Solicitors’ firms that adjust the way they present information to disabled people will see business benefits, a major study has found.
They should also make explicit what steps they can offer to accommodate disabled people.
The research, conducted by YouGov for the Solicitors Regulation Authority (SRA), said that “making adjustments to how information is presented to disabled people has the dual benefit of improving the experience for the service user themselves and for solicitors’ firms in seeing greater uptake of their services and levels of satisfaction”.
It said disabled people “would like solicitors to understand that disability is a highly personalised experience and the impacts of a disability can change over time. A personalised service is highly valued”.
While 59% of disabled people said they experienced at least one legal issue in the last four years, only a third instructed a solicitor – the same proportion as did not have any professional help at all. Advice services (17%) and charities (11%) were the other main sources of advice.
The survey found a high degree of satisfaction with solicitors among the disabled once retained, but they faced multiple barriers getting to that point, in particular the many people with less-visible disabilities, such as not being asked what reasonable adjustments law firms could offer to make sure their services were more accessible.
YouGov surveyed over 3,500 disabled people through a combination of online surveys and forums, and personal interviews. It also held a workshop for disability groups and reviewed relevant literature.
The work followed the 2016 Competition and Markets Authority report, which called for greater transparency in legal services.
Solicitors have both statutory and professional conduct obligations not to discriminate against disabled people and make reasonable adjustments to accommodate them. Research has shown that disabled people tend to have greater legal needs than less vulnerable groups.
Citizen’s Advice’s guidance on the sort of adjustments reasonable for a solicitor’s firm to make includes offering to visit clients at home, for instance for those with severe agoraphobia. It said: “Normally, they only make appointments at the office. The solicitor provides you with an extra service under their duty to provide reasonable adjustments.”
The research included a test where over 1,200 disabled people chose between two hypothetical solicitor’s websites. One was an ‘adapted’ version and mentioned specific features on offer aimed at disabled clients. A further 1,000 people were presented with alternative layouts of complaints information along similar lines.
Views canvassed included those from a range of different types and severities of disability.
Findings suggesting the profession still had more to do included that three-quarters of firms did not proactively raise the possibility of making reasonable adjustments.
Barriers to accessing legal help included unhelpful staff and the disabled person’s own lack of confidence.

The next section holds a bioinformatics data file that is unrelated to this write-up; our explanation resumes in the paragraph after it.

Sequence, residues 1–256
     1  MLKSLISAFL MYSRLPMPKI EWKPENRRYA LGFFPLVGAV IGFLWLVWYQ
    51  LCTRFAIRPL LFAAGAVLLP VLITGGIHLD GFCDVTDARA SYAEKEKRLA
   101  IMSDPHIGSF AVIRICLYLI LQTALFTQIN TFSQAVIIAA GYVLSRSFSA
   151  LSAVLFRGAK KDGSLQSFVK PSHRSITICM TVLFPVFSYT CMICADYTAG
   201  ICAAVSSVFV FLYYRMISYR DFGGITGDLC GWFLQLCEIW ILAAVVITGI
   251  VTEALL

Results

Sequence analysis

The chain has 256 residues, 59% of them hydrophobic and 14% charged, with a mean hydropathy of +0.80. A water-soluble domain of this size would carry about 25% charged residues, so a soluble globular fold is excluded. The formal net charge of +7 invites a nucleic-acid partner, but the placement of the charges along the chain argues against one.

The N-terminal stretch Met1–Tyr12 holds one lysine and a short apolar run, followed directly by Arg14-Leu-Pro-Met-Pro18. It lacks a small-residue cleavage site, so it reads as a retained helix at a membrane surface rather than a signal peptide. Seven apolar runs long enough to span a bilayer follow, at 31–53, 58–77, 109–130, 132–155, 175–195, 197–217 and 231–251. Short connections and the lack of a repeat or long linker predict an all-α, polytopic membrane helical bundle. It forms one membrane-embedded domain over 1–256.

The researchers said that among key themes to emerge was the ease of navigating a firm’s website and having staff trained specifically in helping disabled people to speak to if necessary.
Some respondents mentioned limiting the use of jargon and presenting text in plain language, so as to be less daunting, as well as delivering it in a variety of accessible formats, such as digital audio.
Benefits of presenting information in a disability-friendly way were found to be both in terms of the satisfaction of service users and greater uptake of services.
Fewer than one in ten of the UK’s more than 10 million disabled people use wheelchairs, whereas some one in four has stamina, fatigue or breathing difficulties and a quarter have mental impairments – so-called ‘invisible’ disabilities.
Overarching recommendations of the report were that solicitors’ firms should proactively ask all customers at initial contact and at intervals thereafter whether they needed reasonable adjustments.
It said: “Early identification and understanding of needs is very important to creating a positive experience for disabled people. Professional service providers need to recognise that disabled people often have multiple, complex and varying needs.”
Practical recommendations for change included that firms provided images of the office’s interior and exterior to ease anxieties about access in advance of a visit, and mentioning such things as disabled-friendly accreditations, and facilities such as step-free access, lifts, and nearby parking spaces.
Other findings included that people with less-visible impairments, such as mental health or learning and social disabilities, faced a more challenging experience in accessing legal services.
Respondents felt other customer-facing service providers, for instance banks and airlines, were more proactive about asking about necessary adjustments than the legal industry.
SRA chief executive Paul Philip said: “All solicitors will recognise that disabled people often have… needs that may not be immediately obvious. Accessing legal services can be complex enough without facing such added challenges, which is why it is so important that firms do all they reasonably can to help people overcome any difficulties.
“This research found that while some firms are clearly good at this, others have more to do. The insights should help firms to make the changes needed to support hundreds of thousands of people to access professional legal support when they need it.”